Clinical notes are notes prepared in conjunction with a physician-patient encounter and are very significant for primary care physicians (PCPs) to provide appropriate care for a specific patient. Transcribing clinical notes is an important part of family practice transcription, which provides a complete narrative of the patient encounter through several components such as chief complaint and history of present illness to assessment, plan of care, and follow-up information. The use of electronic health records or EHRs is supposed to improve the quality of clinical notes as the system can capture more details from the visit previously missed. However, a new study reveals that many physicians are not satisfied with their EHR performance and it is time to redesign EHR documentation to enhance clinical notes and provide quality care.
The study published in the Journal of the American Board of Family Medicine this May, focused on the cognitive load faced by primary care physicians daily as a result of electronic health record documentation. The researchers watched primary care physicians handling EHRs when preparing for patient visits, and requested them to highlight those parts of the clinic note they found most important and least important. For this study, the researchers used cognitive task analysis with 16 primary care physicians in the scenario of preparing for office visits. The physicians reviewed simulated acute and chronic care visit notes. The researchers collected field notes, document highlighting and review; they audio-recorded cognitive interview while on task, which was followed by thematic qualitative analysis. The findings were presented to the interviewed physicians and their faculty peers.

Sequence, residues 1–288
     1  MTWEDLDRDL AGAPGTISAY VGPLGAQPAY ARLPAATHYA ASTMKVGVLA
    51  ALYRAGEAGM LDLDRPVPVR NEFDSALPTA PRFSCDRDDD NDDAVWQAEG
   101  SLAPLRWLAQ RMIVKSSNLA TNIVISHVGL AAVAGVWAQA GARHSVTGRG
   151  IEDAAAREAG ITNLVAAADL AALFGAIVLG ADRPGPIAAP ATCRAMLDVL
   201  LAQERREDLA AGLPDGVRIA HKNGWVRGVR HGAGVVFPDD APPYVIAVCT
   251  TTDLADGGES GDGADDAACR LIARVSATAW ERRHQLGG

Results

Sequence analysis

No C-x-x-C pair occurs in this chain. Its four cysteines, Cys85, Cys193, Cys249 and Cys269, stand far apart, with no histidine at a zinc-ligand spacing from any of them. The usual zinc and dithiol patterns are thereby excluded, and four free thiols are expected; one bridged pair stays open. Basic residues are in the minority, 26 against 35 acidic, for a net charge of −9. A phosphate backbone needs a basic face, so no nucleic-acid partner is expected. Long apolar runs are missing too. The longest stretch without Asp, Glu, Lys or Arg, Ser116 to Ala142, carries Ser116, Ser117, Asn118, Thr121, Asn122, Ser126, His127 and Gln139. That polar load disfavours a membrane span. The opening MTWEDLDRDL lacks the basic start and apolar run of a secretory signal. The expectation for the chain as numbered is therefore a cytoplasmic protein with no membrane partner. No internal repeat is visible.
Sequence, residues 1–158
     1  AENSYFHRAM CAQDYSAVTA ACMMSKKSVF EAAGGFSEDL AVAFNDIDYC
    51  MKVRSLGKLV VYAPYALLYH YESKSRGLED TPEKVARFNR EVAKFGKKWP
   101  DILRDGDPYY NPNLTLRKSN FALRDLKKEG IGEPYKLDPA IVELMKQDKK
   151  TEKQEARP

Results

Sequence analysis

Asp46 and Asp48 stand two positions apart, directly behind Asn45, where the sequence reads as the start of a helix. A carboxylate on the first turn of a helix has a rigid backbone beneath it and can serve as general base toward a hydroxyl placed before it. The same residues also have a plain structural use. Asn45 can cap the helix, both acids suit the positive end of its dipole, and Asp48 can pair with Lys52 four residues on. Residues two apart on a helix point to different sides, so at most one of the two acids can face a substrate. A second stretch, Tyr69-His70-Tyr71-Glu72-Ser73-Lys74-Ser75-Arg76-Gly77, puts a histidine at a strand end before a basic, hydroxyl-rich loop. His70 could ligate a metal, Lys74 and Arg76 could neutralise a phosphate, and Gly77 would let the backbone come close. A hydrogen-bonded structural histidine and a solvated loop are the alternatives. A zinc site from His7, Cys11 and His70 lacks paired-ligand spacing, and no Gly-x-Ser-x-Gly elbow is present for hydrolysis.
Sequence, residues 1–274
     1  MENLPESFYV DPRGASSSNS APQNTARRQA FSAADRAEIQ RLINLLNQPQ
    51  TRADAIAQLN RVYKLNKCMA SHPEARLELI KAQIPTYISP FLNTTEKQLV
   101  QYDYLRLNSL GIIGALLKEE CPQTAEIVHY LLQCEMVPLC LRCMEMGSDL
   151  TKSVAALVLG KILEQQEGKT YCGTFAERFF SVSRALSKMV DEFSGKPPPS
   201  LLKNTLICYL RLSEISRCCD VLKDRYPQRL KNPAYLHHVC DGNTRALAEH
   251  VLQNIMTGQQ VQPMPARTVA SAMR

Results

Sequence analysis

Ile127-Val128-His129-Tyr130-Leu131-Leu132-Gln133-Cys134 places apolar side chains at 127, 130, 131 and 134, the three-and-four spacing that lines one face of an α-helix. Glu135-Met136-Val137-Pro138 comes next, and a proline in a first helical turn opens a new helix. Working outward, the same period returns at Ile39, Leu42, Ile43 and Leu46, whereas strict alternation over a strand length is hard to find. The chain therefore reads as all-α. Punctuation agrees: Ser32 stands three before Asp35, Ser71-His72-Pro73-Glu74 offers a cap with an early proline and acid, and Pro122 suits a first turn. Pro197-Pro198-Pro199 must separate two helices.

The results of the study provided a better view regarding how physicians reviewed each component of clinical notes (within EHR) and whether they were beneficial to them. The crucial findings among them are as follows:
- The Assessment and Plan section was typically reviewed first and it was considered the most important section.
- The History of the Present Illness section could provide supporting information to the physicians, particularly if it is in narrative form.
- Physicians were not that happy with the Review of System section and they complained that the section did not match their information needs.
- Certain information contained in other parts of the chart (for example, medication lists) was repetitive and identified as a source of clutter within clinical notes. A workflow that included a patient summary dashboard resulted in certain elements of past notes becoming redundant, and was also identified as a source of clutter.
The study concluded that current ambulatory progress notes provided more information to the PCPs than they actually needed. It is also important to reengineer the clinical progress notes to match the workflow as well as information needs of its primary consumer.
With this study, we can say that even though EHR templates and checklists are helpful for physicians, they may not ensure a complete clinical note. Primary care physicians should stop excessively relying upon pre-populated templates. They should also avoid using overly general templates for documenting patient encounters and select an EMR that is customized to their specific needs. It is also very important to verify whether the patient information accurately reflects the nature of the encounter before entering the data into the EHR. A combined approach of EHR and medical transcription can improve the quality of clinical notes and enable you to provide optimum care to your patients. This approach involves transcribing the physician recordings, verifying the transcribed data and populating them into corresponding EHR fields with the help of a transcription service provider.